Science

Weather satellite recovers for storm season

Geostationary Operational Environmental Satellites - NOAA

A geostationary weather satellite temporarily shut down by a micrometeoroid impact on May 22 returned to normal operations June 10, according to the National Oceanic and Atmospheric Administration.

The satellite, Geostationary Operational Environmental Satellite (GOES)-13 (also called GOES East), was jolted by a micrometeoroid that fortunately did not damage any of its instruments, engineers said, and its return to duty means NOAA again has a full cadre of three geostationary satellites transmitting vital data to weather forecasters on ground.

"Once again, NOAA has three, healthy geostationary satellites ready and able to track hurricanes, severe storms, floods and other dangerous weather conditions," said Mary Kicza, assistant administrator for NOAA's Satellite and Information Service.

On May 22, GOES-13 stopped producing imaging and sounding data, forcing NOAA to initially configure GOES-15 (GOES-West) to cover more of the eastern United States while the agency brought backup satellite GOES-14 online.

The satellites orbit the Earth 22,300 miles above the equator and provide imaging data particularly important to short-term weather forecasts, especially severe weather that causes tornadoes, blizzards and hurricanes.

NOAA's policy is to operate two GOES spacecraft – one in the East and one in the West – with an additional GOES satellite orbiting in "orbital storage mode" in case one of the primary satellites stops working. This is the second time in less than a year that trouble with GOES-13 has forced NOAA to activate backup GOES-14. "Our established back-up plan worked," Kicza said. "NOAA forecasters continued receiving valuable satellite images and data necessary to issue life-saving warnings for tornadoes and floods."

Yet if issues continue – or problems permanently disable one of the spacecraft – NOAA's geostationary fleet gets thin, which is why NOAA has a $10.9 billion program in place to replace them called GOES-R. That plan, however, has been scrutinized by several sources, including the Commerce Department Office of Inspector General in April.

The audit said NOAA's GOES-R program, which intends to launch the first of four new geostationary satellites in October 2015, faces potential launch delays, cost increases and budget shortfalls. While NOAA accepted five of the OIG's seven recommendations, the audit clearly caused internal friction -- the IG's report discussed a "ban" NOAA imposed on OIG officials from Program Management Council meetings.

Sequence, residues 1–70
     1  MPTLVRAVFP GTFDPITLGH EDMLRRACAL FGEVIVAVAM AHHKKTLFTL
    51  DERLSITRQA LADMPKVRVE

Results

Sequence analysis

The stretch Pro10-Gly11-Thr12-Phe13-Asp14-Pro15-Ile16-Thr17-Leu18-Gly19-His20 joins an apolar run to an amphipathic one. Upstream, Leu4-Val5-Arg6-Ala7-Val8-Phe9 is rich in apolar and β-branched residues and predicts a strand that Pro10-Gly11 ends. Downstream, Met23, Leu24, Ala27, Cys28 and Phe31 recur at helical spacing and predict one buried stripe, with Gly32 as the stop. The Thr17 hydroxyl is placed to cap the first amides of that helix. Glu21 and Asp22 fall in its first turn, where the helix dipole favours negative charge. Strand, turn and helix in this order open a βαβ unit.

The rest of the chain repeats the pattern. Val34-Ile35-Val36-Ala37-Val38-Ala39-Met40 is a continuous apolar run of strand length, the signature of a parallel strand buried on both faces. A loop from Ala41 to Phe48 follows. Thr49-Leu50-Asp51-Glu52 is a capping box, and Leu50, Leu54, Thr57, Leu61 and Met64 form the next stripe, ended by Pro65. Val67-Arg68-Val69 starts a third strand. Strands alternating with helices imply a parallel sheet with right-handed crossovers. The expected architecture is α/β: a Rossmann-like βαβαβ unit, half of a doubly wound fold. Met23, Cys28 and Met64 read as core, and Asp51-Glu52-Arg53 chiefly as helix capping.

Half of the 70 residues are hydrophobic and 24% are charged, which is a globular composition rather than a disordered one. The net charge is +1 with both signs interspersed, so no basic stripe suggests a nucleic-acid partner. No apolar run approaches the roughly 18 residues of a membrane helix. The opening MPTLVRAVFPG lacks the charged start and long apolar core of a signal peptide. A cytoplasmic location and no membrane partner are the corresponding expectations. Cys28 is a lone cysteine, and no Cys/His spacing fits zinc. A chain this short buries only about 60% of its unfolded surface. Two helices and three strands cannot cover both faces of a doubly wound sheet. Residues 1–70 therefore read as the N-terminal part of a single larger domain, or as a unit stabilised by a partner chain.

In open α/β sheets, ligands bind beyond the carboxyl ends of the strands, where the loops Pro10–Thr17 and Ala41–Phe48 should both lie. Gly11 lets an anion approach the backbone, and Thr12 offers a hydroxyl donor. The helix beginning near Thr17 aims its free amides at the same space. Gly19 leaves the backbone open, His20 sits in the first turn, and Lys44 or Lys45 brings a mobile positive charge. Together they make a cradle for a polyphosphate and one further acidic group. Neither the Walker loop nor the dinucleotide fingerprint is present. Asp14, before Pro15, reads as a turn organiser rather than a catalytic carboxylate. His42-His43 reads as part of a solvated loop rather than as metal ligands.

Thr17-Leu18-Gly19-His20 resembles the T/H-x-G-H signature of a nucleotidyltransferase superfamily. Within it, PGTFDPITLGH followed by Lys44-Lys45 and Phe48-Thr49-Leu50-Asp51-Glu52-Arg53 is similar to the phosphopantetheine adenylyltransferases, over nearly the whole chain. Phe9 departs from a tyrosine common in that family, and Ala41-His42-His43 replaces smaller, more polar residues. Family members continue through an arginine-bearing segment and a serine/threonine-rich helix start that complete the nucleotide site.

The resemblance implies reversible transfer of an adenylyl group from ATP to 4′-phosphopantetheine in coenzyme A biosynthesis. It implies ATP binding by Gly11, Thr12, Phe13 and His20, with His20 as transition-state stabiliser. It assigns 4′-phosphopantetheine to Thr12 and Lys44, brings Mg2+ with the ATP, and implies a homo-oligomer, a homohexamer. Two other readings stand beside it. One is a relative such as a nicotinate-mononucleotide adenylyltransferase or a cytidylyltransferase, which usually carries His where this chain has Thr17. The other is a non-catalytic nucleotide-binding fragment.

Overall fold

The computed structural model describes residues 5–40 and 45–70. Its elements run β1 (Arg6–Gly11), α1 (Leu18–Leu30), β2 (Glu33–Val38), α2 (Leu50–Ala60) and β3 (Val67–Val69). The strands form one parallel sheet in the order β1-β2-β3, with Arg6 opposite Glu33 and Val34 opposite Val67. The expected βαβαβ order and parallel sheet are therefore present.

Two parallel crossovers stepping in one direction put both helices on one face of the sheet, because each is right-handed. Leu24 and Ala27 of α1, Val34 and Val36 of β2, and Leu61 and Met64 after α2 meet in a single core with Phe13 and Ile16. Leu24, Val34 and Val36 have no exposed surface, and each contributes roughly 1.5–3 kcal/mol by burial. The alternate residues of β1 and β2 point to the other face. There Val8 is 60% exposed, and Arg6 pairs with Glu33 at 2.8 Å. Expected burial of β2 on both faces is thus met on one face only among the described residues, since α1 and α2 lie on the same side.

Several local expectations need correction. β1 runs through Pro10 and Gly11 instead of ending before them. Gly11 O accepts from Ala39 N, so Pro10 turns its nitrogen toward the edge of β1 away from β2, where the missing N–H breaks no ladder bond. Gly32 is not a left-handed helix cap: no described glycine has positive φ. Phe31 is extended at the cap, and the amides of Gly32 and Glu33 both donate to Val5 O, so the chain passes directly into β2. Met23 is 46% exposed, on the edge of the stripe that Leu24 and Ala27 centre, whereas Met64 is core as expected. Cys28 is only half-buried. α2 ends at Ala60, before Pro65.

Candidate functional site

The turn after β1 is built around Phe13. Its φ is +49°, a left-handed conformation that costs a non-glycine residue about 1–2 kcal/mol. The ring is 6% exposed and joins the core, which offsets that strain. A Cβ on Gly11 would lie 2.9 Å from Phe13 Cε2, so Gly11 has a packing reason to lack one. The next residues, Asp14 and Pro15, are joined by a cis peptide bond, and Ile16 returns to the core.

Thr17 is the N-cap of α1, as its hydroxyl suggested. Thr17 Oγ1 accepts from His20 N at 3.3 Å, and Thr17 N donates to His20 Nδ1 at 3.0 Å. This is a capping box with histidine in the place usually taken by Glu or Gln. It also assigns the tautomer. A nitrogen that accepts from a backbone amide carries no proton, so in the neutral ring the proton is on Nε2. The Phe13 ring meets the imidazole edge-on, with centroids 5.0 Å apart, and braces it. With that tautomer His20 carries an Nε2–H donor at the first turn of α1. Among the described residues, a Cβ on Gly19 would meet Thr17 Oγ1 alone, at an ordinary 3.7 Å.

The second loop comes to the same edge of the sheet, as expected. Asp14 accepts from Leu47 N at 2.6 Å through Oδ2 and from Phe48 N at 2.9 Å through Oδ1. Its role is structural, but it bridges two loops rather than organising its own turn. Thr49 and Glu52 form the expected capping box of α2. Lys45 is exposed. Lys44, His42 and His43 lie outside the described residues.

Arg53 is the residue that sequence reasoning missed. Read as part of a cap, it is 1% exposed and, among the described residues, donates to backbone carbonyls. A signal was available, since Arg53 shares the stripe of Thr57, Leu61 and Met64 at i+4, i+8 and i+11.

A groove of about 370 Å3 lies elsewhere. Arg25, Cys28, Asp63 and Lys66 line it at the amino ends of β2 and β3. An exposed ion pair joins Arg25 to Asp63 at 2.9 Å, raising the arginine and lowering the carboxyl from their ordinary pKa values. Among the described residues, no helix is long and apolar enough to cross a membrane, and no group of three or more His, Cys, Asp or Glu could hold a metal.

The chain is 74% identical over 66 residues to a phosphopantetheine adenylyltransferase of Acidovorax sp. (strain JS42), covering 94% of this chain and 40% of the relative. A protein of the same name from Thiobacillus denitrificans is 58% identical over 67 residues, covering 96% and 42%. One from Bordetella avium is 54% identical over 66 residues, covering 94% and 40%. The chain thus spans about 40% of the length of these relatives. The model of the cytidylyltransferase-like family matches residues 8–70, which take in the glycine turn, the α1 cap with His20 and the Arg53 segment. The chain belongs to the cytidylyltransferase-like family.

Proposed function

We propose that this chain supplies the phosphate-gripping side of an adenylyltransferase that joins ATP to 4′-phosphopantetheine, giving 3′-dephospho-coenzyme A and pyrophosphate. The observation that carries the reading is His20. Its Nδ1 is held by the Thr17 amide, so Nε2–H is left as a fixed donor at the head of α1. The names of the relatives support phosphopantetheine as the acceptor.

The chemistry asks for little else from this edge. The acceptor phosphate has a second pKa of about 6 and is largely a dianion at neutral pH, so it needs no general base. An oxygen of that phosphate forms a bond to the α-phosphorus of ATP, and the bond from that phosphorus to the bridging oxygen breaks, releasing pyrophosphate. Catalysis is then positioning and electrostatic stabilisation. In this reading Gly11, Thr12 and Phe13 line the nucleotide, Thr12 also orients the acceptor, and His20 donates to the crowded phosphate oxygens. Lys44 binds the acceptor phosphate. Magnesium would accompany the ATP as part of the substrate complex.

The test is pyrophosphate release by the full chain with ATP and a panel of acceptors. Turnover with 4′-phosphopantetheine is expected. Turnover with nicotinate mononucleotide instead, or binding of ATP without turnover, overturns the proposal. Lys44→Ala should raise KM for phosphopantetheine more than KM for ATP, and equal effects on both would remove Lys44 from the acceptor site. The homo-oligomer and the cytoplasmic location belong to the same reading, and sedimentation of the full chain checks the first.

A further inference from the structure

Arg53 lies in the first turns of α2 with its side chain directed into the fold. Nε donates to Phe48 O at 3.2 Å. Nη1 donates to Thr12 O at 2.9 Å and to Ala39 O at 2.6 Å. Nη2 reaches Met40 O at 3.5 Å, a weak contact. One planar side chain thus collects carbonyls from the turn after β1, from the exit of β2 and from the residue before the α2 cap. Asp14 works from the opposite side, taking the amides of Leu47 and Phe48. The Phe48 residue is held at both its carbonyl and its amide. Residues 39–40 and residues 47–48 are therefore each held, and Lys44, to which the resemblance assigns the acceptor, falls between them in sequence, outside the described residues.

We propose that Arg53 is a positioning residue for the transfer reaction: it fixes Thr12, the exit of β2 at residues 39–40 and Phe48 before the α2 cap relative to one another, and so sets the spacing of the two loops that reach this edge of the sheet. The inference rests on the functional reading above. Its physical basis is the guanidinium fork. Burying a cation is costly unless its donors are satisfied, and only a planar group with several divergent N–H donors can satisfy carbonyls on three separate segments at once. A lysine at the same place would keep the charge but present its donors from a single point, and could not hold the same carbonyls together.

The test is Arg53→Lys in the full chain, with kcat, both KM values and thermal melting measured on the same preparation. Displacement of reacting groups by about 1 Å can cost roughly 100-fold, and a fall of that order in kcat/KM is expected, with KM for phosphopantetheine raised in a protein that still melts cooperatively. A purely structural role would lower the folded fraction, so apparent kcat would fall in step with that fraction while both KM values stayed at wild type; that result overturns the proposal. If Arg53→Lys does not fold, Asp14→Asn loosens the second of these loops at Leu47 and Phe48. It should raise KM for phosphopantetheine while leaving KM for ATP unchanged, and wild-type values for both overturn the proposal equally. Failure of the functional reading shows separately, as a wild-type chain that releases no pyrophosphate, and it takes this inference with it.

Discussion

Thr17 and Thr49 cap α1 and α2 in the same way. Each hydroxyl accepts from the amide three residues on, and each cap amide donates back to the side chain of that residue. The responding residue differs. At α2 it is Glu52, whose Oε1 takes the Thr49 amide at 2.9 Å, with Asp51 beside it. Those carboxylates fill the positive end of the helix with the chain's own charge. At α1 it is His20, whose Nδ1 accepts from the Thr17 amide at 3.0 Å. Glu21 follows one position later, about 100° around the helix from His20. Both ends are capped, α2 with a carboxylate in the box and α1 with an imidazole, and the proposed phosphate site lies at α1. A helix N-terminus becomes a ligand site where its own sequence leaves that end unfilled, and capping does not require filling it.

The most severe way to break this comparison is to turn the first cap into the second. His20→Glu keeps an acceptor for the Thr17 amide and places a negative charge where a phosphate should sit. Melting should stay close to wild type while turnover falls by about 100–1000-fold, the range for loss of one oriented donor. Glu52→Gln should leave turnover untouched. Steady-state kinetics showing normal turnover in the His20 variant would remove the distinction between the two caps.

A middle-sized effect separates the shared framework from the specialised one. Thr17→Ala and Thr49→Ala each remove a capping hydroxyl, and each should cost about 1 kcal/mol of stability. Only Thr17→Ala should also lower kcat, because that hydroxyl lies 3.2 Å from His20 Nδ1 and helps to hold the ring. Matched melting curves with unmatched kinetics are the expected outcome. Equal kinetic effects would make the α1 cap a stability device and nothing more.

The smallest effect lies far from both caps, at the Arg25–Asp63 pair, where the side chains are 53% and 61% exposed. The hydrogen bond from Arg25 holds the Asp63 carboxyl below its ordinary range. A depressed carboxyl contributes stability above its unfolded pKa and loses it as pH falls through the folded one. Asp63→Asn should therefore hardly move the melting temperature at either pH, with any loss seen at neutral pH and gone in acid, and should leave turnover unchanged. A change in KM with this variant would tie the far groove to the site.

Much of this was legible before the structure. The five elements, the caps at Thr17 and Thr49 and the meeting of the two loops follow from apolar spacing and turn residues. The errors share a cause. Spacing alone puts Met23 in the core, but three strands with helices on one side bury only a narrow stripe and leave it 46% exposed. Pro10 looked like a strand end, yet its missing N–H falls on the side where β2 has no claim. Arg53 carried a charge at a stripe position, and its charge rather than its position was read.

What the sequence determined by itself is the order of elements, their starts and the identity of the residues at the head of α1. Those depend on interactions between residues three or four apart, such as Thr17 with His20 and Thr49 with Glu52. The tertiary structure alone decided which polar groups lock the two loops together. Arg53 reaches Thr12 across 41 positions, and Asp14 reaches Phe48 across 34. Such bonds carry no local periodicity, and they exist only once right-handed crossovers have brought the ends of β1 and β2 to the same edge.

According to a June memo from OIG to NOAA, OIG plans another audit of the GOES-R program this year.

"The objective of our audit is to assess the adequacy of GOES-R development activities, as the program completes the ground system fabrication of flight instruments and the spacecraft, and transitions to system integration and test, per NOAA and NASA standards," the memo states. "We will also monitor NOAA's progress in developing and vetting with stakeholders a comprehensive set of trade-off approaches to mitigate launch delays and its oversight of GOES-R systems engineering."

NOAA also operates a fleet of polar-orbiting satellites that orbit closer to the Earth and aid in long-term weather forecasting, producing storm warnings and providing vital data to weather prediction models. It intends to replace those satellites, but the General Accountability Office and other organizations inside and outside government believe a gap in satellite data is inevitable.

In its annual "High-Risk List," GAO reported that NOAA's $13 billion Joint Polar Satellite System (JPSS), which aims to have its first satellite operational by 2017, could leave the agency without data from polar-orbiting satellites anywhere from 17 to 54 months depending on how long the current model outlives its expected life-cycle.

About the Author

Frank Konkel is a former staff writer for FCW.

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